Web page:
Does anybody any comments about the two remaining categories ‘delete minimal, add nothing’ and ‘composites allowed but it must remain a plausible photograph of a real location’?

    • Simon Miles

      Seems like a fair summary. Delete minimal, add nothing sounds reasonable except that there would probably be arguments about what exactly is minimal deletion. At least the current rule about not making physical changes is unambiguous. Personally, I think if composites are going to be allowed they should have their own separate category, or even a different competition!

    • Giles

      Yes… The lack of precise terms would cause probs (i.e. minimal)… Which is why I suggested percentiles in the first response on this thread… Easy to check against a raw file by flicking from one to another and so pretty easy to calculate approx areas.

      If you can delete but not add, can you move?

      “composites allowed” I don’t really like (apart from panoramas, and stripping in a darker exposure of the same sky (same as using a grad filter but more effective around lumpy horizons)) but that is personal taste and there is a place for it.

    • digital_davem

      If we set aside this LPOTY business and debates about integrity and deceit for a moment, the answer to the question of how much manipulation is permissable is quite simple: it depends on the taste of the viewer.

      Some kinds of work simply cannot be achieved merely with the aid of the zone system, a ND grad and 2 degrees of forward tilt and require more complex techniques. In my view, from the perspective of the photographer anything ought to be allowed; it’s the viewer who makes the judgement of what is acceptable to them – a question of personal taste. I certainly don’t believe any 3rd party (including Tim) should be attempting to define what is good taste and what other people should find acceptable.

      There is a well known photographer whose name I forget (Jerry something) who specialises in composite landscapes with mountains hanging in mid air, giant eyes looking out of the clouds etc). I can’t stand this kind of work but lots of people like it and who is anyone (including me) to be an arbiter of what people are allowed to like and by implication produce. Photographers should produce the work that moves them and it’s up to the audience to decide whether it’s any good.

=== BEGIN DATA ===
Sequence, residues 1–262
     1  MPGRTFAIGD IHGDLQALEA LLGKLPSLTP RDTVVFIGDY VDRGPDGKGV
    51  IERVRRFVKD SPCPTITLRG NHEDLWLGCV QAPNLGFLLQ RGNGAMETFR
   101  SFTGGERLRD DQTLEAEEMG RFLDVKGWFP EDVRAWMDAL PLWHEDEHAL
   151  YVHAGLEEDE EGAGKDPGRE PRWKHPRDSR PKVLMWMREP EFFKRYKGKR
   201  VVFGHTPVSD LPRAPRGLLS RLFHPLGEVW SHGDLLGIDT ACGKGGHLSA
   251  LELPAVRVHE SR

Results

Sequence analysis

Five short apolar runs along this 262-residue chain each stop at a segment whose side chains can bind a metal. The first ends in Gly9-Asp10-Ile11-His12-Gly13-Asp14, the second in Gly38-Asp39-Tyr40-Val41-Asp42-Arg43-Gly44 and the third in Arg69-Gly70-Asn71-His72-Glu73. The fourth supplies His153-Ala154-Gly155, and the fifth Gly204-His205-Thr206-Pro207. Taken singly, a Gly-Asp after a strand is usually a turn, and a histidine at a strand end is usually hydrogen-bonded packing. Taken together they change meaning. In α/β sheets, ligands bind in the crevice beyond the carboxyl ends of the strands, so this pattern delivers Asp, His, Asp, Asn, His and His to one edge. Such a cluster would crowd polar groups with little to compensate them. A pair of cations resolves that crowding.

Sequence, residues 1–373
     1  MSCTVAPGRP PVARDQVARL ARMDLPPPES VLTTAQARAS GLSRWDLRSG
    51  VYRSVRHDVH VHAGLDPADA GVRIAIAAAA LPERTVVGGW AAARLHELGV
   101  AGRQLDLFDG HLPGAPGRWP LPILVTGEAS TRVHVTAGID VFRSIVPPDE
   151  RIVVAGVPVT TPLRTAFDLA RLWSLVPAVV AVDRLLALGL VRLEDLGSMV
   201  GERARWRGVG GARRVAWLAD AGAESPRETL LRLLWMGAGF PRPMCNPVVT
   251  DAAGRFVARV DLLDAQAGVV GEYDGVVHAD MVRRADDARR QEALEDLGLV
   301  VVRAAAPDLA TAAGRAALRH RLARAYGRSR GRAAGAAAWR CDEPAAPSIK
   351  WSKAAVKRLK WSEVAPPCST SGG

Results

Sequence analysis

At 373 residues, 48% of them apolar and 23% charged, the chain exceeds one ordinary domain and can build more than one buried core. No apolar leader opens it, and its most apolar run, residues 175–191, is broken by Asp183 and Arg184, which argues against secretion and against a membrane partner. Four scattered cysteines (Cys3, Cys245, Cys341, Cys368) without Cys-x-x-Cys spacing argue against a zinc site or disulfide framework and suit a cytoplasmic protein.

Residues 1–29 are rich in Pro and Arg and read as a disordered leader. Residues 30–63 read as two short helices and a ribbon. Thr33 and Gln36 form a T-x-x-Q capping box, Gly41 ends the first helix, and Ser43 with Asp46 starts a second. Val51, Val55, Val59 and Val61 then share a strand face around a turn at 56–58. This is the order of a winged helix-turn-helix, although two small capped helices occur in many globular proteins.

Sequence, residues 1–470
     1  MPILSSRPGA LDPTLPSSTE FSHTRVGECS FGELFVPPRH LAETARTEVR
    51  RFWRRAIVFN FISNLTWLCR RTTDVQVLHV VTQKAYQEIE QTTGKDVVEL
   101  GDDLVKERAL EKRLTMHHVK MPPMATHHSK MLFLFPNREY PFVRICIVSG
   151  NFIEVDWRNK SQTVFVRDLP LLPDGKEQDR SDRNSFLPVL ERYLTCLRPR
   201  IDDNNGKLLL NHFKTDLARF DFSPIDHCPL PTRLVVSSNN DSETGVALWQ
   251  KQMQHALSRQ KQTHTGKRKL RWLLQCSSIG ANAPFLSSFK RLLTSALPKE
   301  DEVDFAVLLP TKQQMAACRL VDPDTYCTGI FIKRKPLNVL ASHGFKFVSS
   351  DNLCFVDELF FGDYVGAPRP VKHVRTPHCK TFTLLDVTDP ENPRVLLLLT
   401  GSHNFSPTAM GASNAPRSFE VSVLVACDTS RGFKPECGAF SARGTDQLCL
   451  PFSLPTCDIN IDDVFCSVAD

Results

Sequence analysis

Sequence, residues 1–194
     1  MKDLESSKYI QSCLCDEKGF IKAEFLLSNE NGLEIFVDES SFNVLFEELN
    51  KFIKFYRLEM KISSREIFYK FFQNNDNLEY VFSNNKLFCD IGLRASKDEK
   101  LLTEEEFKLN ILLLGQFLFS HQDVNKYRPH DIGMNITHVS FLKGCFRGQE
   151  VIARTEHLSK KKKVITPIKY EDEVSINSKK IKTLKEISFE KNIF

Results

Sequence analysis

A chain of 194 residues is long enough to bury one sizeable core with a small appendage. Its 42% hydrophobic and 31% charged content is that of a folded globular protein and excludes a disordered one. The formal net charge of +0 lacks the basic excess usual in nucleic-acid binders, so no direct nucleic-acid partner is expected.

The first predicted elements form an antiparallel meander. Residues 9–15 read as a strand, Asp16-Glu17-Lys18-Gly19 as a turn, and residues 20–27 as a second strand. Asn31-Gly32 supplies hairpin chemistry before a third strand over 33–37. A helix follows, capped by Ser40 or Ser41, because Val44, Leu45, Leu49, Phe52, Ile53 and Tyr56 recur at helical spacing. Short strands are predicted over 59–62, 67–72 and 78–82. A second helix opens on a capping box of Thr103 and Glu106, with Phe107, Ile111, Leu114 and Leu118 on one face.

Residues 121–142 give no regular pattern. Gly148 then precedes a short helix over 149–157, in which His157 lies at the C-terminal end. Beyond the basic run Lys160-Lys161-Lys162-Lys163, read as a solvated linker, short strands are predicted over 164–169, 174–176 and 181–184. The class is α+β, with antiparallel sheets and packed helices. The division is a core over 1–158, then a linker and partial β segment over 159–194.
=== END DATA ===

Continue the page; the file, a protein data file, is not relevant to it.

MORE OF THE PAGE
I’m quite fond of the work of Marc Adamus – I found his work by chance on photo.net without any idea he was well known so claim to have independently discovered him. He doesn’t have any floating mountains or watcher skies but his work is extremely stylised and heavily (and cleverly) processed. Looking at his work, it is obvious that there is a tremendous vision at work and tremendous craft involved. This shot, for example, I find breathtaking: http://1x.com/photo/48107/portfolio/99579 but Joe Cornish is ain’t.

      If what stirs your soul is something more literal, with no more than wafting and waving with a card on a wire allowed, then I guess you won’t accept the 12 shot blends etc Adamus does to get the look he wants.

      In the end we aren’t debating crucial social policy here, it’s just personal taste and everyone is entitled to have the personal taste they have.

      I can’t escape the feeling that there is some kind of subtext attached to this whole debate: frustration that the rest of the world has such bad taste it doesn’t recognise real landscape photography like wot we do….

      • Firstly, this is far from a conversation about what is ‘proper’ photography and what should be ‘rejected’. No one person gets to dictate what another should do at all. And no one person should tell people what opinions people can have. OK – with that out of the way…